Xolani Johnson was born on 4 February 1989 with HIV and
was the longest surviving child born with the virus in
the country. His mother has since died of Aids, and he
was adopted when he was two by a foster mother, Gail
In the absence of money for drugs, Nkosi had survived on
a healthy diet, vitamin supplements and minimising the
stress of being HIV positive. Ms Johnson attempted to
give him a purpose by turning him into a spokesman for
Aids awareness at a time when the country's infected
population was silenced by the suffocating stigma of
fear and prejudice. But for Nkosi, who had seen his real
mother die of Aids, the frightening inevitability of his
own impending death was never far away.
Speaking before his death Ms Johnson said: "We chatted
about death... He had strong feelings about letting me
down," she said.
"I told him I would miss him and no one could take his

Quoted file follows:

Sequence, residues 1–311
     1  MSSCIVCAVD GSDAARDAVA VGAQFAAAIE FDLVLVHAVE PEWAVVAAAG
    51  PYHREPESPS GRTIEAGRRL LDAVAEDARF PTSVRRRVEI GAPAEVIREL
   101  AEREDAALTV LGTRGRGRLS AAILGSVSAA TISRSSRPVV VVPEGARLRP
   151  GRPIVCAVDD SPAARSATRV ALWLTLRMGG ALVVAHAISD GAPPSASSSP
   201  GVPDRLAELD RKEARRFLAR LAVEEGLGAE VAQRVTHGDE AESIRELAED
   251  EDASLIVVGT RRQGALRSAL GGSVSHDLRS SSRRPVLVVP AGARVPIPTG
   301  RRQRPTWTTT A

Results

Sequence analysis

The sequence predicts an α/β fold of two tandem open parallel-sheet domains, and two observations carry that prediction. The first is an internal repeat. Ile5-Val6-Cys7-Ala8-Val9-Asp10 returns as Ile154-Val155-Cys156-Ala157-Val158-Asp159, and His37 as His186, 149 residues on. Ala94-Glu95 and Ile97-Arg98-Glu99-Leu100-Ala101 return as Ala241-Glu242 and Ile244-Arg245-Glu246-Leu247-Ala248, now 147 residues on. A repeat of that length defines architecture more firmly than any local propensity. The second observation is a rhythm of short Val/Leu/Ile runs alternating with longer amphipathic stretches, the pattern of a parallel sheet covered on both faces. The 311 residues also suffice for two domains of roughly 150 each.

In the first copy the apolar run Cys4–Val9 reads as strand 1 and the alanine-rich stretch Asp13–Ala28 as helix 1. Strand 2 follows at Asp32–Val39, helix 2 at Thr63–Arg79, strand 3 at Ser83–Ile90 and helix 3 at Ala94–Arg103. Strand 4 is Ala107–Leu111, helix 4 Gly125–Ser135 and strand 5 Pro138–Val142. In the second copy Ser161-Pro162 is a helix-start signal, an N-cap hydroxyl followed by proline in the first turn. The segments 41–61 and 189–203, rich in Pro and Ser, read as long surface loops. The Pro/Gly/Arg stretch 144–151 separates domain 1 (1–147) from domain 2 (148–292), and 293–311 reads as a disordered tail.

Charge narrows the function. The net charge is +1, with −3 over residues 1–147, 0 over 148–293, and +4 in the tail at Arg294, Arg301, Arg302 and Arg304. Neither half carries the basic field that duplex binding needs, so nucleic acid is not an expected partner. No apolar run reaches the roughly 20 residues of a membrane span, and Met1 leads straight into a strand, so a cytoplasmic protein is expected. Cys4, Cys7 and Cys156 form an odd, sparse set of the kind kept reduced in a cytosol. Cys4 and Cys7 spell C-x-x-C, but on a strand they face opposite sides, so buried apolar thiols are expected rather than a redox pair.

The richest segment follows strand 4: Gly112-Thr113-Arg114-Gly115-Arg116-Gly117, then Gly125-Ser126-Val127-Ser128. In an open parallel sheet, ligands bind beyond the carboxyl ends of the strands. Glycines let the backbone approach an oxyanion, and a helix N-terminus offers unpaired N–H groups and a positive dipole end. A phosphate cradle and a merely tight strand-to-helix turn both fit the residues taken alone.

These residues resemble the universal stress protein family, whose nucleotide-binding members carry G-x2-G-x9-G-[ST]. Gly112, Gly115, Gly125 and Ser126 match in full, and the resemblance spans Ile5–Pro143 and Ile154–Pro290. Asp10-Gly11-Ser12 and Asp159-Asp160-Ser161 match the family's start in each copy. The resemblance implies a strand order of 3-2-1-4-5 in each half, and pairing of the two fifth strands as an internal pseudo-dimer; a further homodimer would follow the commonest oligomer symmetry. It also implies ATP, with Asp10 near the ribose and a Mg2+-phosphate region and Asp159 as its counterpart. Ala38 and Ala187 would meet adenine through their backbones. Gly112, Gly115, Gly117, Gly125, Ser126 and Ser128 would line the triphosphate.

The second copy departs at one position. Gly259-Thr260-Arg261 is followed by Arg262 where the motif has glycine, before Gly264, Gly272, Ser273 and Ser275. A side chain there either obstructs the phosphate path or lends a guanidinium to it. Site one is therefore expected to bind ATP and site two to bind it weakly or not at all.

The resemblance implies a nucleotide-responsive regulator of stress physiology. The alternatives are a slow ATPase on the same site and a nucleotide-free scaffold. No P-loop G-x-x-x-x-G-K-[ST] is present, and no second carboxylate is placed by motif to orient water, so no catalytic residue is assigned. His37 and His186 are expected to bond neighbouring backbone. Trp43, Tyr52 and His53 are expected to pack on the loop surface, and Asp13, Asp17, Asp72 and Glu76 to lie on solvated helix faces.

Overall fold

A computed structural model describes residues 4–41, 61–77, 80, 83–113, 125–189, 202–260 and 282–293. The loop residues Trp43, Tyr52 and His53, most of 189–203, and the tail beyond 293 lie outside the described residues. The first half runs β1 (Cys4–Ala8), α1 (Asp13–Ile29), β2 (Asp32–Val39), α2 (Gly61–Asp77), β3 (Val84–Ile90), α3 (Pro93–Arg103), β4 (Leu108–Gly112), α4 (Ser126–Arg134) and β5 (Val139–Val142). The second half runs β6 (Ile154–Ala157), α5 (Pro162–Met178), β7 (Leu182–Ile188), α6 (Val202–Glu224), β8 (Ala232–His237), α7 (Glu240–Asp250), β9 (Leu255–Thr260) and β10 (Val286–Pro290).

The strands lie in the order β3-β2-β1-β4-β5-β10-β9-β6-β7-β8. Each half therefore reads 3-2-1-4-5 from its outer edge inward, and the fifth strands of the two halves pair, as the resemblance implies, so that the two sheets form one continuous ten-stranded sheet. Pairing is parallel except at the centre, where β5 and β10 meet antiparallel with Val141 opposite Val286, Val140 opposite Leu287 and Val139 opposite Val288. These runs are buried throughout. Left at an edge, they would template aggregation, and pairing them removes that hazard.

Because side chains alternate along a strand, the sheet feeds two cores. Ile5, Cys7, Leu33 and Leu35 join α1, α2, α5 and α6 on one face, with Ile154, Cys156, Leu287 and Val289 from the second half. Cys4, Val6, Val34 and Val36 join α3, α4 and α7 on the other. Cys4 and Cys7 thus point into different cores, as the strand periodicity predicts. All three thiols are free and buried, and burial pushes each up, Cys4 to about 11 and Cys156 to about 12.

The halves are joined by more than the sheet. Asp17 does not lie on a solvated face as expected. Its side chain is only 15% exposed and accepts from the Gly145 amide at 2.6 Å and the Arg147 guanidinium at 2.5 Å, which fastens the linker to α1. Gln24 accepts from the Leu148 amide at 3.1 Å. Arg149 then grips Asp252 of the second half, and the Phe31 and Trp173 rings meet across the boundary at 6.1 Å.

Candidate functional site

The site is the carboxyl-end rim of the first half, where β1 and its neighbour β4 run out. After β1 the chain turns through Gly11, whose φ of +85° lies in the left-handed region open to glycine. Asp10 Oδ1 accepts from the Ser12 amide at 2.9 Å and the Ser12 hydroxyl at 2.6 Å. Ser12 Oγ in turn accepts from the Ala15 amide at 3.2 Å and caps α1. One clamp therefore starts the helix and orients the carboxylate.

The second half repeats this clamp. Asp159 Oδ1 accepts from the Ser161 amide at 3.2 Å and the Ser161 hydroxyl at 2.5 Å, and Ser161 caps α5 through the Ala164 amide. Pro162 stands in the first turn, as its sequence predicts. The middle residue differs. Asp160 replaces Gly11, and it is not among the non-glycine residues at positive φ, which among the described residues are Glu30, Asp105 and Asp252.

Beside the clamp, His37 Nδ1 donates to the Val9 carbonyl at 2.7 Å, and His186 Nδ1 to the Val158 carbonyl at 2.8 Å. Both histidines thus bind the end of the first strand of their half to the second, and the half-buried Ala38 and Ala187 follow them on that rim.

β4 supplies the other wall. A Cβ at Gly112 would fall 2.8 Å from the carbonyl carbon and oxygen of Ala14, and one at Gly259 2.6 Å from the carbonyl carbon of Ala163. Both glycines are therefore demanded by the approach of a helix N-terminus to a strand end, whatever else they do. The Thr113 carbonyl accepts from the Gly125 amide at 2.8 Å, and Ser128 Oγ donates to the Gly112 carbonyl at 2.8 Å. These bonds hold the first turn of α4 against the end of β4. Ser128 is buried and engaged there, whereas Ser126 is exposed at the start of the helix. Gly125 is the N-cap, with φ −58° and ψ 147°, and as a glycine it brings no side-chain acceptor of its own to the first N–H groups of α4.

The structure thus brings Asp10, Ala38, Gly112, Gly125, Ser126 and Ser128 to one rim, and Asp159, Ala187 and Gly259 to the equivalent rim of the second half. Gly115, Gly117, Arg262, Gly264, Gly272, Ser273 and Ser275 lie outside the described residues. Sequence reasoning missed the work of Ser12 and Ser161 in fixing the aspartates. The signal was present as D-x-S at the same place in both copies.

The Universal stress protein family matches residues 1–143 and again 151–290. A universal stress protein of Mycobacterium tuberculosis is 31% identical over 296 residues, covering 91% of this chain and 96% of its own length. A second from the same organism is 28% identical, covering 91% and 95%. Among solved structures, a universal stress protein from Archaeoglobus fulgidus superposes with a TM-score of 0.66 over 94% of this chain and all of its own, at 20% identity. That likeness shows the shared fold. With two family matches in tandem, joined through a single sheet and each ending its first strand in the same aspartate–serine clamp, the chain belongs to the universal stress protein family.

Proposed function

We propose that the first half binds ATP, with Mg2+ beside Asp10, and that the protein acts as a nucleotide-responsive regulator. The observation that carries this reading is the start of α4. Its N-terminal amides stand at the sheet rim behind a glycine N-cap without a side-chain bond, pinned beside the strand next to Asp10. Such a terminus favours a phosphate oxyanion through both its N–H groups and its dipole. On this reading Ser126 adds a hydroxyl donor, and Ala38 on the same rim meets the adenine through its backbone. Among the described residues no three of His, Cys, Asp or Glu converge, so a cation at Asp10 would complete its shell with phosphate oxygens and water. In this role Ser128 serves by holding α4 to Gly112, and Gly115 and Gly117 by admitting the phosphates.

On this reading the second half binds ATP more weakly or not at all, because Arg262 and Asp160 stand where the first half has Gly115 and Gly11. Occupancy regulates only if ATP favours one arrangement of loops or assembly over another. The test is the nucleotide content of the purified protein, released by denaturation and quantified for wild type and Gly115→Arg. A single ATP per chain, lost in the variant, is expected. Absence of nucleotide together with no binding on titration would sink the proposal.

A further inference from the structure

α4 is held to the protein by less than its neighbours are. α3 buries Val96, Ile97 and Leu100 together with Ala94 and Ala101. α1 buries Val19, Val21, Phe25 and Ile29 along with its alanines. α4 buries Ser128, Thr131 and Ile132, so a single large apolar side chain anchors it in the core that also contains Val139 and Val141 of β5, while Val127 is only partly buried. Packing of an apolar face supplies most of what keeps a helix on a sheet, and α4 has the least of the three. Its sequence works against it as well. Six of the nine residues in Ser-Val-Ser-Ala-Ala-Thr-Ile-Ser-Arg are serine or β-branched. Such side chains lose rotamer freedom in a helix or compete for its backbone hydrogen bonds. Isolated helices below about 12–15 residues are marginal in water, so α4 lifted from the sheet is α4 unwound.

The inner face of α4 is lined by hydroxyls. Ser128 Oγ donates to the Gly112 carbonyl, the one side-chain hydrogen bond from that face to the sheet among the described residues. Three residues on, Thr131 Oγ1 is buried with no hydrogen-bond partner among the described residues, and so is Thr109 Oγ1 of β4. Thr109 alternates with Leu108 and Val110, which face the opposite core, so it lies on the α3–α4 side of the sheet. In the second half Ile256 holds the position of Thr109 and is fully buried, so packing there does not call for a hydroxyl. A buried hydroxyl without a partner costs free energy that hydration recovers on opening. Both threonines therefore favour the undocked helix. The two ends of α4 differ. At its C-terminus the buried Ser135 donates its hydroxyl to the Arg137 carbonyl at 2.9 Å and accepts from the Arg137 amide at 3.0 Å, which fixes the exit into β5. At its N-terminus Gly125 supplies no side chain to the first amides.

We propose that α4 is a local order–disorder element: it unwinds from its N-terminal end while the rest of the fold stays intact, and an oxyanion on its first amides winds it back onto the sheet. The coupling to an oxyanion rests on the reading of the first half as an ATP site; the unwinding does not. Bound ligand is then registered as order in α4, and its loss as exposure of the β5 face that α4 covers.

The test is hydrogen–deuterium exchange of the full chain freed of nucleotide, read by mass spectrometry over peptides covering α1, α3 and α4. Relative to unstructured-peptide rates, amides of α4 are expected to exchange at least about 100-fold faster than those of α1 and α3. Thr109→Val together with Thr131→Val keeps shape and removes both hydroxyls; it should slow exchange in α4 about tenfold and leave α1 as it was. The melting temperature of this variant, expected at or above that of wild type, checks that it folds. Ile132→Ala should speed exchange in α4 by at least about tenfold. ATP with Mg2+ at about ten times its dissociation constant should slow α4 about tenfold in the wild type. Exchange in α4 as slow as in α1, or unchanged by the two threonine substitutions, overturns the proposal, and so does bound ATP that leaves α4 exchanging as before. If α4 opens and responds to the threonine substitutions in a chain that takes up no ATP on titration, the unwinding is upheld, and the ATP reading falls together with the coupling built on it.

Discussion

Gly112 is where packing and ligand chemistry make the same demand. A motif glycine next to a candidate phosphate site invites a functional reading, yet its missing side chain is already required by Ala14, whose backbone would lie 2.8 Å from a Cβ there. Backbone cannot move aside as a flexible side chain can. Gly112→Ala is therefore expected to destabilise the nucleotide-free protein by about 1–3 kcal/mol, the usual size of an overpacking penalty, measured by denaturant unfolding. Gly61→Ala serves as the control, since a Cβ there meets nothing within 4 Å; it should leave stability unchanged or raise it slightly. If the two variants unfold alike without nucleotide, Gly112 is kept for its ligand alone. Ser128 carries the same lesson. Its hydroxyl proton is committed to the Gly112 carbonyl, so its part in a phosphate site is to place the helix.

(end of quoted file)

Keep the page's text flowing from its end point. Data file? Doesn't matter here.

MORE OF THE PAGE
Nkosi will be particularly remembered for a speech he
made at the World Aids Conference in Durban in July
2000. He told delegates:
"You can't get Aids by hugging, kissing, holding hands.
We are normal human beings, we can walk, we can talk."
He also scolded South African President Thabo Mbeki on
his government's failure to provide drugs, which caused
the miffed president to leave during the speech. He
later told the BBC:
"I feel I am going to die quickly, like my mother died,
very soon. But at least she got to be a grown-up. I hate
having this disease."
In December 2000 Nkosi had a relapse and remained
critical until his death. On 1 June 2001 a Johnson
family spokesman said that Nkosi died at 0540 local time
(0340 GMT) after a desperate final battle against the
disease. Ms Johnson said:
''He's given Aids a face and allowed people who are
still afraid of being associated with Aids to grieve
openly. Most importantly perhaps, his fight and his
bravery have given hope to many, many people."
Former South African president Nelson Mandela said he
was an example for the whole world to follow. Mr Mandela
"It's a great pity that this young man has departed. He
was exemplary in showing how one should handle a
disaster of this nature. He was very bold about it and
he touched many hearts."